The required compute power for Simplay.io came from NVIDIA Tesla P40 GPU Accelerators and high-end dedicated servers from Supermicro (E5-2678 v3), to mention some of the components. The storage setup for this startup required some configuration and reconfiguration efforts from NovoServe’s engineers to fully accommodate Simplay’s cloud gaming environment. Next to that the IaaS network backbone and network paths being established had to provide for stable, resilient and low-latency connectivity to make the cloud experience a seamless and excellent one.
But as said, in the end it is the complete picture that made it a successful IaaS hosting setup for Simplay.io’s cloud gaming services operations. To learn more about the hosting services NovoServe has delivered to cloud gaming technology startup Simplay.io, read this customer casestudy and this interview with Simplay.io CEO Gil Tov-ly on HostingJournalist.com.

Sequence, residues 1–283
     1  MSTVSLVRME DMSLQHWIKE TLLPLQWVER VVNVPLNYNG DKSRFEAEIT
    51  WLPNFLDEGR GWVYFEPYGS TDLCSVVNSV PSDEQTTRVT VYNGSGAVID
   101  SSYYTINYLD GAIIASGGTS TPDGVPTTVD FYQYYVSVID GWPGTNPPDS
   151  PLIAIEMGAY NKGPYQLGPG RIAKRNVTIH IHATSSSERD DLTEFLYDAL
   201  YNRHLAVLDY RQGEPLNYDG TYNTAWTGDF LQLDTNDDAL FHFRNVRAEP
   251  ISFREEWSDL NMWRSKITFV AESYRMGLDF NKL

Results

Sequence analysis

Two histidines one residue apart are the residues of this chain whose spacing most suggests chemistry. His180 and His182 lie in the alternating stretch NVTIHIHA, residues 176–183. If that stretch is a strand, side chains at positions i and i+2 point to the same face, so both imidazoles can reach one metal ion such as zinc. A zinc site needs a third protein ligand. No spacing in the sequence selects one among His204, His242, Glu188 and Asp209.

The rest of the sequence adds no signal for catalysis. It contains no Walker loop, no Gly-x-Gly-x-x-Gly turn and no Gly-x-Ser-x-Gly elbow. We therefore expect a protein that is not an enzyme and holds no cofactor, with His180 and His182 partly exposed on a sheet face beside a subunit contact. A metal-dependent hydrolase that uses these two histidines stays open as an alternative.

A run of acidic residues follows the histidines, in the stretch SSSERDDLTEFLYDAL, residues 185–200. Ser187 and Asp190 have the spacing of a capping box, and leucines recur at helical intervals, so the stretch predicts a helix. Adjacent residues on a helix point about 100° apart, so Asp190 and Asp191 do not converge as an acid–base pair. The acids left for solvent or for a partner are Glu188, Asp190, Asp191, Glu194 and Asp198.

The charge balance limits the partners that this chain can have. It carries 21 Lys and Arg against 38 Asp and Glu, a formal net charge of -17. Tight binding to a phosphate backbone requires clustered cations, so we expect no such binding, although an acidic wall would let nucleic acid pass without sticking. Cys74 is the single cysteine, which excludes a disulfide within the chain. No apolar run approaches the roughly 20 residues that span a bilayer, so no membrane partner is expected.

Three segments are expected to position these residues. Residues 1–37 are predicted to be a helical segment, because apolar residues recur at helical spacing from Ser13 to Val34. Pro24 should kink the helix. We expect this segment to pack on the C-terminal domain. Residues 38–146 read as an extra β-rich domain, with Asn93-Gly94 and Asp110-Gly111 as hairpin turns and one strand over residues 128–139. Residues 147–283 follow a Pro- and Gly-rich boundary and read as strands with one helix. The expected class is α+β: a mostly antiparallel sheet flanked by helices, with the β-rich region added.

For more information on Simplay.io, visit: https://www.simplay.io/
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About NovoServe and Herke Plantenga
Having data center and network backbone presence in the Netherlands and Germany (among which two company-owned data centers), NovoServe turns out to be a fast-growing company with currently 2,000 dedicated servers and 15,000 virtual servers under management. NovoServe’s team of engineering professionals is focused on creating custom-engineered IaaS hosting solutions for customers worldwide.
As an experienced entrepreneur, manager and investor, Herke Plantenga appreciates working in a pioneering, creative business environment, exploring engineering ideas and concepts “in a fun, hands-on way.”
For more information on NovoServe, visit: https://www.novoserve.com/